Suddenly, as I neared the dental hostel, my heart thumped vigorously when I saw the brightly lit Carpe Diem restaurant in the distance and two bikes on the stand before it. At the last moment before disembarking from the city bus the thought of passing by the Carpe Diem had eluded my mind, and now I repented for wasting my valuable time loitering around the bus stop after getting off the bus because afternoons were the scarcely visited times by the hostellers at this restaurant. I paused for a moment and gazed in that direction like a spy. Seeing nobody outside, I resumed my walk with brisk steps like a thief. As the last part of the restaurant was about to slip from my visual field, I heard someone calling from my back, "Hey, the first year!''
I had to stop, for I knew the punishments of ignoring a senior. I looked back and saw a senior waving at me from the veranda. I faked an innocent look of ignorance.
"Hey- yeah you- come here!''
Now I'd no way to escape. With a beating heart, I approached him and in the meantime, he too came out of the veranda to meet me on the street.
"Where are you coming from?''
"From my uncle's house, dada.''
His fleeting glance licked me from head to toe. Then he said,
"Huh- going to uncle's house in slippers!''
I remained silent. He narrowed his gaze as if he'd been examining a micro-organism under the microscope. He said, "Huh- coming from uncle's house chewing paan? When did you go there?''
"Two days back."
"But I've not seen you for the last one week!"
"No dada, I swear,'- I pinched at my neck.
He once poked at his spectacles to lift them over the bridge of his nose. I remembered his name, Dr Sanjoy Dasgupta. Had he asked me his name I would've been spared, but he didn't.
"That means you fled the hostel in a time of emergency! Why you people are so selfish and mean?''
I stood dumb. Understood I'd just landed over a volcano.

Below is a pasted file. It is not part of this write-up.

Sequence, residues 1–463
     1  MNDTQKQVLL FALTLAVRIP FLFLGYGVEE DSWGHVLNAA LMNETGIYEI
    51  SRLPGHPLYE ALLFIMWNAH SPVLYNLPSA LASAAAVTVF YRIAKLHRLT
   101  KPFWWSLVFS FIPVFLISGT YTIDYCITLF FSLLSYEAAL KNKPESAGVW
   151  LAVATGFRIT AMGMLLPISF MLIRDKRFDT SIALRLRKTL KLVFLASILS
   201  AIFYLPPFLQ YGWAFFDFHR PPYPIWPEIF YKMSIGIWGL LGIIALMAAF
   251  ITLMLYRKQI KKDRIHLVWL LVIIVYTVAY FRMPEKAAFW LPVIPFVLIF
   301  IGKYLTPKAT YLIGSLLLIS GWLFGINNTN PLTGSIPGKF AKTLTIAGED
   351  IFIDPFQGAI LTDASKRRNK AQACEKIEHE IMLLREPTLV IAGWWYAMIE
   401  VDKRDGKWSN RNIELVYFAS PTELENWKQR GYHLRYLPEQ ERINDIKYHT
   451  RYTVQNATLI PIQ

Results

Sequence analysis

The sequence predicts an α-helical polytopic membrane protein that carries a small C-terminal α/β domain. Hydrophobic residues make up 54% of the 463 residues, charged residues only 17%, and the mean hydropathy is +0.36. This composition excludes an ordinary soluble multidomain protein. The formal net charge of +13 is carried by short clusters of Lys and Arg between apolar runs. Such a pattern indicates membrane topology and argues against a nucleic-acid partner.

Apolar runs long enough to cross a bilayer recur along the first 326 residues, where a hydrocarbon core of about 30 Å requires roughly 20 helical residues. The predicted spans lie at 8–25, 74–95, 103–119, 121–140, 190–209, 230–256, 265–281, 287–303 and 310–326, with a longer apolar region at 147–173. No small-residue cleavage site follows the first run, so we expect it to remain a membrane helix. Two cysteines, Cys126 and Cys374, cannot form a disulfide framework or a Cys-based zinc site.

"We all seniors are guarding the hostel day and night, sacrificing our hunger and sleep, and you, being the first year, have enjoyed a tension-free life at your uncle's residence. What will happen if the university students come at night and get at us? What will happen if they beat us to death, or take us to some unknown places as hostages? You people don't have any empathy for the seniors!''
I continued my silence.
"How many of your first-year boys are there in the hostel?''
"Around twelve, dada.''
"Around twelve? You're not sure? You're lucky you know. If I happened to meet you just inside the hostel gate you could've wondered how your spectacles left your face!''
I felt my face going red.
"Inform all your friends to reach the hostel by tomorrow. Otherwise, I'll throw all their belongings from the hostel. Why are you the first-year boys are so stupid? Huh!''
I was lucky that till then there were no other hostel seniors around the scene. Otherwise, the plight I would've to face was no better than an animal kept in a zoo.
"Go, and don't forget to tell your friends what I've told you.''
I felt relieved and quick-stepped towards the hostel. I don't want any further encounter, enough is enough, I thought. But today I was scolded on behalf of all my friends. I looked back as just.
"Hey you, the first year- don't dare stare back at me like this! Wait, I'll teach you a lesson once I'm in the hostel.''
Hardly had I imagined that Sanjoy da was still watching me. But he didn't summon me to his room that night, not on the following nights. Never. Now when I call up that incident, my heart fills with an unknown amusement.